I don't know what the answer to all that is. I don't think Requststop's original comment about the girl is necessarily offensive - after all if you see someone behaving in an inconsiderate manner, it doesn't seem unreasonable to give some description of the person. And the fact that teenagers are less likely to be able to afford first class tickets than older people could be seen as making it more understandable if he is suspicious.

You point out that it would be out of order if you substituted 'teenager' with 'black person' - actually there is one difference that may be relevant, quite apart from the fact that teenagers are more likely to behave anti-socially: Almost all teenagers do later on grow up and become older adults, and conversely all older adults were once teenagers, so being more suspicious of teenagers does not, of the course of each person's lifetime, involve discriminating against any one person more than another: *Everyone* goes through the age when they are viewed in some quarters with more suspicion.

(Note that I'm not really trying to justify either side in this debate. I'm undecided on the issue, and I don't think it's clear-cut).
 

222007

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For me everyone is treated the same young or old black or white. I dont feel in this day and age you can discriminate. If someone forgets a railcard they get excessed up (company policy). For me though the issue of feet on seats. This is my number 1 pet hate and i ALWAYS tell people to remove there feet from the seats. That said i did once see a passenger who had put his newspaper down befor he put his feet up.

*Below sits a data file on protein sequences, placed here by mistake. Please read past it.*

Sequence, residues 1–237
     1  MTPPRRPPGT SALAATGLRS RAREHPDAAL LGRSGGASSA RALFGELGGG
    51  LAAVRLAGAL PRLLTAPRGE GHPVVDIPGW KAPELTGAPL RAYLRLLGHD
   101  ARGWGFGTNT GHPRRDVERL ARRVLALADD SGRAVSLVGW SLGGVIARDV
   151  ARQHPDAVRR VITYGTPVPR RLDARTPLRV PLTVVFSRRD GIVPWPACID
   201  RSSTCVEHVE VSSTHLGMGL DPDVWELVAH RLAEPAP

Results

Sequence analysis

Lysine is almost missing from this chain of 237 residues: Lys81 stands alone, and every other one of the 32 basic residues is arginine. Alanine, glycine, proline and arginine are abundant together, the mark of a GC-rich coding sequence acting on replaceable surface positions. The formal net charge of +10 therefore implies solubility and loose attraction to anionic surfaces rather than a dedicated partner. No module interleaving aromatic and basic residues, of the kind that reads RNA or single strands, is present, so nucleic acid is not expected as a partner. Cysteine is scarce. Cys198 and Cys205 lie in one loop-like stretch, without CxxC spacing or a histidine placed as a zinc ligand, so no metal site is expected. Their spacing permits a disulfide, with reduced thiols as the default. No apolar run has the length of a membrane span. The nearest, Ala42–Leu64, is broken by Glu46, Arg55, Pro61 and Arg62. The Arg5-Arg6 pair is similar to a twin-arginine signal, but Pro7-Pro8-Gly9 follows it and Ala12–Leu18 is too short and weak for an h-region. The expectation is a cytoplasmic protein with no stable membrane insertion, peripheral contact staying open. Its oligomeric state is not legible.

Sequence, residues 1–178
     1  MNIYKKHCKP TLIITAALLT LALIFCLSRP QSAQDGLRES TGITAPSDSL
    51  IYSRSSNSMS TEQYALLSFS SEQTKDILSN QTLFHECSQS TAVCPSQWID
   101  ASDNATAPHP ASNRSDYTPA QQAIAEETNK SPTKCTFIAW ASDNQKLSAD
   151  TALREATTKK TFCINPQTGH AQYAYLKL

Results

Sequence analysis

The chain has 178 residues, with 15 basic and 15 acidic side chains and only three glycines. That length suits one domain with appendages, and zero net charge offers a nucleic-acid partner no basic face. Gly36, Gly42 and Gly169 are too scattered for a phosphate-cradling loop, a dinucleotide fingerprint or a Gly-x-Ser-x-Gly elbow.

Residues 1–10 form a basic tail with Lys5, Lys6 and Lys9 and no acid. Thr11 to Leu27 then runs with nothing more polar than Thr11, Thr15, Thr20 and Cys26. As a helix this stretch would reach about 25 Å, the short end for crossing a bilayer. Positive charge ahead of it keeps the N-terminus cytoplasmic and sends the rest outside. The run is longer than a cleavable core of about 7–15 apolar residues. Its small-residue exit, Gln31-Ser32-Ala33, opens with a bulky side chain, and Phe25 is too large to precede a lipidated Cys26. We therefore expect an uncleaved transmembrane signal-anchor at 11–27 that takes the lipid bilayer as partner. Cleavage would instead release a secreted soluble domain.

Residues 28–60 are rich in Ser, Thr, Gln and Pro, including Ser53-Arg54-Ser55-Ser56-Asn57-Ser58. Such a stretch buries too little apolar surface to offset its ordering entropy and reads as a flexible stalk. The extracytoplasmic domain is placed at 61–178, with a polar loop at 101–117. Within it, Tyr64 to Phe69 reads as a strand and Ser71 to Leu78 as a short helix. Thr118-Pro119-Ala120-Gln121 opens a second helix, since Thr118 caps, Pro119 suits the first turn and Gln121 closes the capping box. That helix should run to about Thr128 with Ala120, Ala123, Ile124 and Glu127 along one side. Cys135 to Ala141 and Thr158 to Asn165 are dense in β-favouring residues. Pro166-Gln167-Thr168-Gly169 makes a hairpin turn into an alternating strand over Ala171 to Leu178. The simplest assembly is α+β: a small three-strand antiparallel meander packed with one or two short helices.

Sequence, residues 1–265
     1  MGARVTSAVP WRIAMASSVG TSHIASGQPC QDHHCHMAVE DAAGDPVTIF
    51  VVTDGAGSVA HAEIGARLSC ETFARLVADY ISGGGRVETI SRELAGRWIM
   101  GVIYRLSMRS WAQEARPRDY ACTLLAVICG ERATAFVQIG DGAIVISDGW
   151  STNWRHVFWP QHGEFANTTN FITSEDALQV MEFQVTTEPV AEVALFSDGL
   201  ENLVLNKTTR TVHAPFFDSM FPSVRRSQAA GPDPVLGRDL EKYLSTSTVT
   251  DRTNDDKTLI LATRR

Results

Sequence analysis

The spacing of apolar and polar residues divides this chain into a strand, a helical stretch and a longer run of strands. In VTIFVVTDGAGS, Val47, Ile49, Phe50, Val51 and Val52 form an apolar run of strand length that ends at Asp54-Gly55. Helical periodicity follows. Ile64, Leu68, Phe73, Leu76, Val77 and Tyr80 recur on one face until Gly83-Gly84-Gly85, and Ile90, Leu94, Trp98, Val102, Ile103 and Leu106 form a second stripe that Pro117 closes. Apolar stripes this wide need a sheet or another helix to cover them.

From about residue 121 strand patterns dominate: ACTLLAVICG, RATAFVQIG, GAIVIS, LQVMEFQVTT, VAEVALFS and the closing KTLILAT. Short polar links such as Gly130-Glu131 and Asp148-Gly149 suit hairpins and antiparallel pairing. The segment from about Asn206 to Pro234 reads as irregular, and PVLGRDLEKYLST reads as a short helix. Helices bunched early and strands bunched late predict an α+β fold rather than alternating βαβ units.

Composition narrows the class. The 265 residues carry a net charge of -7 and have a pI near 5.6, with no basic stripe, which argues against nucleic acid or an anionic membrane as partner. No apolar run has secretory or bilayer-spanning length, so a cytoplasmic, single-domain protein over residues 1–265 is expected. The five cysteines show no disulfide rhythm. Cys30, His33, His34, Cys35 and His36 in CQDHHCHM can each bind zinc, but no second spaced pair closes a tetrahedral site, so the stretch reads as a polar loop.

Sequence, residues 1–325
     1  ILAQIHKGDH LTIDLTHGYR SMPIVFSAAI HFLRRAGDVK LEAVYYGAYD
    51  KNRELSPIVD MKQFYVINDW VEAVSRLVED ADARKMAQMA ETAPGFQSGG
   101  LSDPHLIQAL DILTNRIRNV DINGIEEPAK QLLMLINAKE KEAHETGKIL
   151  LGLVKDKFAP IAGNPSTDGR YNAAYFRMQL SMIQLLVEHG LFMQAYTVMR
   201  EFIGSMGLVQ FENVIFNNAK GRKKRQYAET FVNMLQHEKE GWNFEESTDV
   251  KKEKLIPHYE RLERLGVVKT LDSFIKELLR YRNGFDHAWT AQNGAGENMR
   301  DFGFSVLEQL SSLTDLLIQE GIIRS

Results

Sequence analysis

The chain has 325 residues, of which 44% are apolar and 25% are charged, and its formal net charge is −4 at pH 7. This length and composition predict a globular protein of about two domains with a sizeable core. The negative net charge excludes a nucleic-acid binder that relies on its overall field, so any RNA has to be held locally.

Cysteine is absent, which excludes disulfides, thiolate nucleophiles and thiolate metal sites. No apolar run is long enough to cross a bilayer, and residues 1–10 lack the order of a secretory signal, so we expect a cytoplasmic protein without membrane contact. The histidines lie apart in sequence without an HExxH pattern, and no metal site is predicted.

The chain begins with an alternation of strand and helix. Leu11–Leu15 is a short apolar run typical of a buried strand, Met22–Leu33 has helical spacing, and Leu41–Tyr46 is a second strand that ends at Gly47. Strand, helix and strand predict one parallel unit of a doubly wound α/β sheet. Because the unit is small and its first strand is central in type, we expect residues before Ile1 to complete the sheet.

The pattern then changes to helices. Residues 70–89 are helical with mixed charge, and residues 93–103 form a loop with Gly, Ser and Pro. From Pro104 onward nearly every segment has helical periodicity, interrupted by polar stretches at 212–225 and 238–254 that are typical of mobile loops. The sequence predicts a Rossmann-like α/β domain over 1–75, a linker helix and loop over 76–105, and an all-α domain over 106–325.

158801

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Sometimes I will suggest that they put a piece of their clothing (a coat or jumper for example) on the seat first then put their feet on that !

Often they are more than willing to dirty their own clothing to simply put their feet up,
 

Cherry_Picker

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What time did you pass through Marylebone? I have worked in and out of there for the best part of 15 years and it is very rare to see the barriers left open and unmanned, even late at night.
 

island

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For me everyone is treated the same young or old black or white. I dont feel in this day and age you can discriminate. If someone forgets a railcard they get excessed up (company policy).